Sorry, number cruncher, that I couldn't get back to you earlier. After much sleuthing, I find from my VERY informed source that you were only wrong on four points. It was Knight, not Hughes, who appointed Abby. She sued only once and dropped that when Howton left. She missed 7 and 1/2 months not 2l as you said. She did have a serious four-wheeler accident and a reinjury to her shoulder in a work-related incident months later. She ended up having surgery after the reinjury. Unfortunately, the surgeon operated on the WRONG shoulder so two days later she had surgery again--on the correct arm. Finally, her sister was BUYING not renting from Heaton. This is the property that Heaton went into and tossed the sister's personal belongings into the yard and burned. This is the incident that prompted the lawsuit her sister has against Heaton. Most of your points were correct though and I will address their relevance next.
Abby Fan aka Columbo

Orange, VA

#351 Oct 11, 2012
NC, you were right about all of the family members working for Russell Heaton and Skip West. My source tells me there were even more. Not only did Abby's daughter and niece work for Russell Heaton, but also Abby and her sister worked at the station at one time. Not just Abby's son worked for Skip West but the family did a great deal of work on West's farm on the Otter Pond Road. I can't understand why there is anything wrong with them getting financial gain from wages or salary they had earned.

I have to tell you though I loved your point 7 in this discussion about work. You described West as one who "has close ties w/ said Bully." Now isn't that interesting--a strong tie. And West was the investigator who DONATED his time in the initial investigation into Abby. WOW!

Abby Fan aka Columbo

Orange, VA

#352 Oct 11, 2012
My favorite part of my investigation yesterday had to do with your fourth point. You were correct. She did take one of her sister's children into her home. But she also has helped to raise in her home three other small children in the family, in addition to her own. You were right about the niece going to prison. Abby was the officer who arrested her twice.

I thank you for posting those points because I am even more in awe of Abby's hard-work ethic. Every person I have talked to tells me that she is the hardest working person he or she has ever met. I think about all of those letters in the paper telling story after story of how Abby helped them. Now I find out that she is just as supportive and caring for her own family. I believe that she has so many fans because she has some traits that seem to be rarer and rarer to find in people today. It is refreshing to find someone who is so willing to help others. It is also refreshing to see someone who had some power as a police officer actually arrest her niece for wrong doing. This is in contrast to others in positions of power who use their influence and money to see that their children or relatives never answer for any of their misdeeds.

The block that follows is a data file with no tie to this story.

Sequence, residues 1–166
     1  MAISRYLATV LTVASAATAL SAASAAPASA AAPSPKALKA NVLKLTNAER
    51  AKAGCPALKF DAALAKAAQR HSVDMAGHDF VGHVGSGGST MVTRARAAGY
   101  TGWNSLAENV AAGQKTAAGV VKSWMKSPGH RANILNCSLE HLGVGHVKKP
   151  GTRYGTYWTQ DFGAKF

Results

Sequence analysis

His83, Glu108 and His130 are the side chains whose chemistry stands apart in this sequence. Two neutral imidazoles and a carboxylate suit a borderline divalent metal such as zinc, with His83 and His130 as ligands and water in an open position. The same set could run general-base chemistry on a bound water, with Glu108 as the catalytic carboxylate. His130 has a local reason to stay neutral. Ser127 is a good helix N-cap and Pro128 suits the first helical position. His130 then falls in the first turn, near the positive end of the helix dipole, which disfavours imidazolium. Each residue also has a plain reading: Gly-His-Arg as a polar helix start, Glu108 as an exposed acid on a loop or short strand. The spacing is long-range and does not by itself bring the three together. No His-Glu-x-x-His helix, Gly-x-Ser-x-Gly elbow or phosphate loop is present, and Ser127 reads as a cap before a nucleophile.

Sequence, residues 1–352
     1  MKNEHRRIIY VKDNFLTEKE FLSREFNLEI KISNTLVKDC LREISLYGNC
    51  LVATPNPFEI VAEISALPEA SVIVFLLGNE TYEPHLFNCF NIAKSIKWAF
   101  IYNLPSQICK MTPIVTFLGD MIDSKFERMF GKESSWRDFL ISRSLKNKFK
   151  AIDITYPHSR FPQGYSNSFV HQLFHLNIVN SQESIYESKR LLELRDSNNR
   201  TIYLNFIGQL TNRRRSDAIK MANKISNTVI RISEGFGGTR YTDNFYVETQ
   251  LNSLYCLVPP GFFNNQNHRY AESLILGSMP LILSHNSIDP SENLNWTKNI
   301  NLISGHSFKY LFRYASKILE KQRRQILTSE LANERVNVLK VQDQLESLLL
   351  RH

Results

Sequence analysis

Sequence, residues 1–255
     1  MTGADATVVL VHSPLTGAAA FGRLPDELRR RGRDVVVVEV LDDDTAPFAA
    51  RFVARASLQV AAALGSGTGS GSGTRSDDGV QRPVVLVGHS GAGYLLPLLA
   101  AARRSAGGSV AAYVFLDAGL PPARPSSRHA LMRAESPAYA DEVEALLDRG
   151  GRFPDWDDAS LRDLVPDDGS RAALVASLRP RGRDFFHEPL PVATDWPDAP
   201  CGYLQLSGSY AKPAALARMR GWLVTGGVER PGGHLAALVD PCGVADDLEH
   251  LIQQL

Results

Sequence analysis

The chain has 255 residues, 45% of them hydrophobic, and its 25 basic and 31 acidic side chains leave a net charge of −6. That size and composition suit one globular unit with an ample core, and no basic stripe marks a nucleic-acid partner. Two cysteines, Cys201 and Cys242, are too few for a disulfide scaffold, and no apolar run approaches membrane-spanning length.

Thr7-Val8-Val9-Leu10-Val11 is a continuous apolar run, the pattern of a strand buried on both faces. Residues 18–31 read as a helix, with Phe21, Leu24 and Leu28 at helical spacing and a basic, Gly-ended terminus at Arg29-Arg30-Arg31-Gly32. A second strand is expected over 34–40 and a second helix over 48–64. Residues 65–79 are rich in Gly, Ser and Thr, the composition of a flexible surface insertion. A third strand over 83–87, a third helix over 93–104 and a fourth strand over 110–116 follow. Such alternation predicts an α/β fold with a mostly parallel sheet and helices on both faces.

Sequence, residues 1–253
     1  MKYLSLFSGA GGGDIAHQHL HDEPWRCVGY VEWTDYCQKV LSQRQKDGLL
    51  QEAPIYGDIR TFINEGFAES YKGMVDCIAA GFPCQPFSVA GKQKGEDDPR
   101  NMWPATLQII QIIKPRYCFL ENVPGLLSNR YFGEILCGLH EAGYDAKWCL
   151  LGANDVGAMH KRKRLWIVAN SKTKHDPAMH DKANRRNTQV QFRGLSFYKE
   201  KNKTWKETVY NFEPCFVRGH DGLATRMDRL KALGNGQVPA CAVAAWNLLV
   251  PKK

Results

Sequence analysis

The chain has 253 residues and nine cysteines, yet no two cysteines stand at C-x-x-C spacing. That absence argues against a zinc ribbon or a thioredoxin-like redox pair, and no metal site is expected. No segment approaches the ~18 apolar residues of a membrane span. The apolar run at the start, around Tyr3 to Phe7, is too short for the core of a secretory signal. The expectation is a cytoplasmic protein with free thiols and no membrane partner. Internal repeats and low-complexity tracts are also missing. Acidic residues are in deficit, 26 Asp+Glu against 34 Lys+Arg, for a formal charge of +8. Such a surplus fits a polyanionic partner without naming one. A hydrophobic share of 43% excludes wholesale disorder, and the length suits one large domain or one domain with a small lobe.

So after my looking into your points which were interesting, informative and mostly correct, I am
even more Abby Fan aka Columbo

Number Cruncher

Houston, TX

#353 Oct 11, 2012
I have to admire your blind devotion to Ms. Tucker. Don’t let little facts such as:

1. Knight did appoint Ms. Tucker as County Animal Control. However, it was Hughes who appointed her as City Animal Control prior to Knight’s appointment. After she was appointed county animal control, the city dropped the position b/c the county position covered both city and county.
2. Time absent from work; please, refer to post 287 which was copied directly from her lawsuit
Tucker V City of Princeton, KY - Document 39

On August 25, 2003. Plaintiff injured her shoulder when her four-wheeler struck a tree in an alcohol-related accident. She was absent from work until January 15, 2004. On June 12, 2004, Plaintiff re-injured her shoulder after firing a shotgun because she was required to qualify with a shotgun for her employment. She then was absent from work until February 22, 2005. She was again absent from work from September 11, 2005 until March 1, 2006. She remained at work until May 21, 2006, when she again took leave until July 27, 2006. Plaintiff missed approximately 21 months of work during this three year period.
3. The indictment of one charge is multi-faceted
https://ourtaxdollarsatwork.wordpress.com/......